According to the latest issue of Rent Check from Allsop, annual rent rises over the last five years have remained in line with the Retail Price Index (RPI) in England and Wales.
The rental market barometer for England and Wales analysed rent rises during five years to March 2018 across different regions and property types. It found that of 54 combined data points, 32 lay below RPI and 22 above demonstrating that rent increases were closely tied to the rate of inflation.
It was found that rent levels have also been mediated by a large number of landlords letting properties below the market rate to keep tenants. 59 per cent of landlords surveyed claimed that they were letting at least one property at below market levels.
It was also found that 85 per cent of landlords surveyed are currently making a profit, a figure which has remained stable since early 2017.
However, the main factor contributing to stabilising rent levels has been good PRS supply which has remained tied with growing demand for buy to let properties. However, the recent range of PRA changes and the newly proposed three year minimum tenancies could have a detrimental effect on future supply.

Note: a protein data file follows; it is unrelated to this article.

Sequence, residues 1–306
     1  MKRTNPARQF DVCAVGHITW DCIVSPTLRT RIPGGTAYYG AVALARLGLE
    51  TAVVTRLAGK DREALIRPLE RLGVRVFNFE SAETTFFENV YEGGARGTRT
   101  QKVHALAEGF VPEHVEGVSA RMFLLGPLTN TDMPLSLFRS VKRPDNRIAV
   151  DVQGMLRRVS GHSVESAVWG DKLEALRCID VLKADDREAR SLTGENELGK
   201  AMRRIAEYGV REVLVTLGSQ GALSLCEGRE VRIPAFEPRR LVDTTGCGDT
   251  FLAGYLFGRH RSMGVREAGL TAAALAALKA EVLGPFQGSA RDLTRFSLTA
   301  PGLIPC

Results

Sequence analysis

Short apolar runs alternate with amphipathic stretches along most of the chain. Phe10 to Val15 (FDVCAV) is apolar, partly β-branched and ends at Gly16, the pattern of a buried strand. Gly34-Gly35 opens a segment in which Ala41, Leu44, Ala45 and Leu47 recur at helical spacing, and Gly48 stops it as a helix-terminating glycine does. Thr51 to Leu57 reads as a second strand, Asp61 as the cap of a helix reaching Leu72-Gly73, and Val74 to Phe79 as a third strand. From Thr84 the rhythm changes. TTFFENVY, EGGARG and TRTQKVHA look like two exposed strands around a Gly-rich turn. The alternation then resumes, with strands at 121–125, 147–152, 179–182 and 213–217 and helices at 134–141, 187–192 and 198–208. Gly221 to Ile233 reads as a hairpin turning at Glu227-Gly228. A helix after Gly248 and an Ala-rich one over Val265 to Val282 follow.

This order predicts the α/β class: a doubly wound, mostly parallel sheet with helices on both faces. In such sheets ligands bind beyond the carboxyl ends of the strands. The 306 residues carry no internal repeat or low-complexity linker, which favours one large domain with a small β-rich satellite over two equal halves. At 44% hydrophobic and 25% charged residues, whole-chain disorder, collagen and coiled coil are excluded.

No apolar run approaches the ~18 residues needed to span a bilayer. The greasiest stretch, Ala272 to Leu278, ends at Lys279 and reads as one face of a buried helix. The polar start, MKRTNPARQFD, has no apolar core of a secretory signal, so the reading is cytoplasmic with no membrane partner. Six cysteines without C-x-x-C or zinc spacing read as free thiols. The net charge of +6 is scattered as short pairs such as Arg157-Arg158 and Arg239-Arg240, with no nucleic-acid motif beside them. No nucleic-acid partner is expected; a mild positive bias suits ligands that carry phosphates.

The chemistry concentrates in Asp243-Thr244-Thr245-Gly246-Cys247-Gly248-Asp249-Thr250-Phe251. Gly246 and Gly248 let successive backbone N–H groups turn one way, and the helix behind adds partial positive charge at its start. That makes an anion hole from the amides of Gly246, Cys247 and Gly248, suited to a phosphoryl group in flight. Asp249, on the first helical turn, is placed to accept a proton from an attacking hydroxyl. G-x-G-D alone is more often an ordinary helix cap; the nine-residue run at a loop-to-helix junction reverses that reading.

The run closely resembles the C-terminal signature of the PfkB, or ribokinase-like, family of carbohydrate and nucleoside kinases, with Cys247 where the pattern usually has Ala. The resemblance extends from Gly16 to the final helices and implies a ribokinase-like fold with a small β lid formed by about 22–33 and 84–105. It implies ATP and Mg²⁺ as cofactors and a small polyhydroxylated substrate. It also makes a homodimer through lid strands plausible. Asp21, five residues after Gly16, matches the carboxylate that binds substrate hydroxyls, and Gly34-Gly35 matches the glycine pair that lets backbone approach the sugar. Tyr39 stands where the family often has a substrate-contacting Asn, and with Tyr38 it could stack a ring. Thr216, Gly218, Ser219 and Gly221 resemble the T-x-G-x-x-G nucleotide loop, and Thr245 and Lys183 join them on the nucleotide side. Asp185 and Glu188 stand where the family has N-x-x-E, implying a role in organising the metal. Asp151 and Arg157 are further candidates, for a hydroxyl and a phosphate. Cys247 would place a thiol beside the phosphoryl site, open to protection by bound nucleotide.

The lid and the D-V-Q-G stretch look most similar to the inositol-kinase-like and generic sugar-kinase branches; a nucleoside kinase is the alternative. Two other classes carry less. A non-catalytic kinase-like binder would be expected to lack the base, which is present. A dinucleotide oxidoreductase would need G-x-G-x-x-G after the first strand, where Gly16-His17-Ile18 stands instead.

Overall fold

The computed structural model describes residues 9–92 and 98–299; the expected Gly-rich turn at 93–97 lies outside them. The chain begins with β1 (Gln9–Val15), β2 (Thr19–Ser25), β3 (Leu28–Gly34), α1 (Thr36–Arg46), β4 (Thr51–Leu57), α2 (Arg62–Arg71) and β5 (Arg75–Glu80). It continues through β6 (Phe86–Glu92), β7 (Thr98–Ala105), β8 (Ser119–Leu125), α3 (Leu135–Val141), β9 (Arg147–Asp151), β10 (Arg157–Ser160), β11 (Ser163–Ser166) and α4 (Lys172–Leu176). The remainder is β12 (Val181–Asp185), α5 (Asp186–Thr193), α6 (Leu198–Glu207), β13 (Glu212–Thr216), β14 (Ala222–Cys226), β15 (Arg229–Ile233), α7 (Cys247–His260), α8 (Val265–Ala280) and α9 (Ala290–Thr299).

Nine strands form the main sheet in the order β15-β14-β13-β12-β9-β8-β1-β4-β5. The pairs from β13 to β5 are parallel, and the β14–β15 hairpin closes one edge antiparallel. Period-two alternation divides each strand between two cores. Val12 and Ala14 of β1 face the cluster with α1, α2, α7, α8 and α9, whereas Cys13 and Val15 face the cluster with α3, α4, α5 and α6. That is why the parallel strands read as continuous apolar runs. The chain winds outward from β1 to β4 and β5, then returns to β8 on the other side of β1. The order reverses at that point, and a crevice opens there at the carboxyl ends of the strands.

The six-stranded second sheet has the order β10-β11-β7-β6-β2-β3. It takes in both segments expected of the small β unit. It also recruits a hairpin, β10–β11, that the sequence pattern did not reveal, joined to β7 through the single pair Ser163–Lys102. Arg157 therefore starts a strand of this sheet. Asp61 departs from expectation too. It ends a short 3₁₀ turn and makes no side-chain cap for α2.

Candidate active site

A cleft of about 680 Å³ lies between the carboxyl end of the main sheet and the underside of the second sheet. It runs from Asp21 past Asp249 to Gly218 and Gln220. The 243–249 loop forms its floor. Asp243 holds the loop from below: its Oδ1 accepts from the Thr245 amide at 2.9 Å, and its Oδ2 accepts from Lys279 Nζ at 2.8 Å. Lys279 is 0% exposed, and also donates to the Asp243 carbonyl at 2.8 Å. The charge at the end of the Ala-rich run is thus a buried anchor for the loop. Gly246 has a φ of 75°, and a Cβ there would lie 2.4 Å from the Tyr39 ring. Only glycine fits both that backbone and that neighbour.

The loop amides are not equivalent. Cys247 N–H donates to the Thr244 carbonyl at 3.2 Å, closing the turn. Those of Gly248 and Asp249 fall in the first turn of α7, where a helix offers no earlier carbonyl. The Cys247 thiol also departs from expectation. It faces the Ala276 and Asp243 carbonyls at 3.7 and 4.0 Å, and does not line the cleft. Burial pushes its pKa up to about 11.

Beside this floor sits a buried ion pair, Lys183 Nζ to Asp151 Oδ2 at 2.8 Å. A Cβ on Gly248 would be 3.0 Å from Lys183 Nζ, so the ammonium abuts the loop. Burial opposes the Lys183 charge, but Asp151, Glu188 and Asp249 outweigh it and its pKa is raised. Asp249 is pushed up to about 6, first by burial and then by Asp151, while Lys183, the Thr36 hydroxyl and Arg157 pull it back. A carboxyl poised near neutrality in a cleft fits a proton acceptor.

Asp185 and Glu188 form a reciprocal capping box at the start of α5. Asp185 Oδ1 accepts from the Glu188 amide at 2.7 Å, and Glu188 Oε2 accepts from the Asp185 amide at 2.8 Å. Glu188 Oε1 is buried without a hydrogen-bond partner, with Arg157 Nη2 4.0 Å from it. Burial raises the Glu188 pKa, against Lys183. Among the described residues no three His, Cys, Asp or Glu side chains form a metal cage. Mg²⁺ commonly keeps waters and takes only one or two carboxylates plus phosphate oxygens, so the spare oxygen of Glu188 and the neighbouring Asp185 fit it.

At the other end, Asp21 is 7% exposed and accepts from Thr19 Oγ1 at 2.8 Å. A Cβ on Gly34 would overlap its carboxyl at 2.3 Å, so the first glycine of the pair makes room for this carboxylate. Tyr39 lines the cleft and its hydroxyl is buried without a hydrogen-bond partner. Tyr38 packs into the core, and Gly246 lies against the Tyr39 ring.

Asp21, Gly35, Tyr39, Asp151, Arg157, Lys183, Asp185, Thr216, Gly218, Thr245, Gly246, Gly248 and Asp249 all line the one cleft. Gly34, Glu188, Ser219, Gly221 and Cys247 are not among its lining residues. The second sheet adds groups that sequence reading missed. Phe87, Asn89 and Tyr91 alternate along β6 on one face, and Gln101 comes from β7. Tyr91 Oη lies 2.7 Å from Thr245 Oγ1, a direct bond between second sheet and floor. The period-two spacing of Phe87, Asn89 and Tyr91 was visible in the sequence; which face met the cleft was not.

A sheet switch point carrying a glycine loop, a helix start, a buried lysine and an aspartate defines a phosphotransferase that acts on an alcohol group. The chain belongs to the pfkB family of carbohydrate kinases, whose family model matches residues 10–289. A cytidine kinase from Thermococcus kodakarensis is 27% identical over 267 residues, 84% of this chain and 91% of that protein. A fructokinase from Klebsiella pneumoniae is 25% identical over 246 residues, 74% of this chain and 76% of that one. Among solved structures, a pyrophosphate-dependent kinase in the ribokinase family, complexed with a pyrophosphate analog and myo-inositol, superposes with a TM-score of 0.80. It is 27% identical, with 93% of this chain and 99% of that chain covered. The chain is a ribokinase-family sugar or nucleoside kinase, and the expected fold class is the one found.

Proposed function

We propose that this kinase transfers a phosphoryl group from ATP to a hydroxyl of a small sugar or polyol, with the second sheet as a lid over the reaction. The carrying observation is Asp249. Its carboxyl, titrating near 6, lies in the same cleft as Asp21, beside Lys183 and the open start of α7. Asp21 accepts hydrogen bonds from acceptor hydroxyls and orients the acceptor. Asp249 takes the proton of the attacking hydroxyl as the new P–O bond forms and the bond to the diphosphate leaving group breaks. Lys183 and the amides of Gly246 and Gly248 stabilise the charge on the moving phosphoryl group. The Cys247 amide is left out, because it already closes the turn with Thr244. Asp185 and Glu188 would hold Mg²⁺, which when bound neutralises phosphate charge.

Partner at Allsop, Paul Winstanley, said: ‘Shattering the myth of rent rises greatly outstripping inflation, research has revealed rents have in fact risen moderately at a rate close to RPI over the last five years. Landlords have also been prepared to accept lower rents for good tenants. This, and past commitment by landlords to invest in the supply of buy to let property, have helped keep rent rises sustainable. Although most landlords are committed to the sector and are not likely to sell-up and leave anytime soon, government policy is likely to make life difficult for them in the longer-term. This risks the supply of much needed housing, which can’t be met by the build to rent sector and home ownership alone.’
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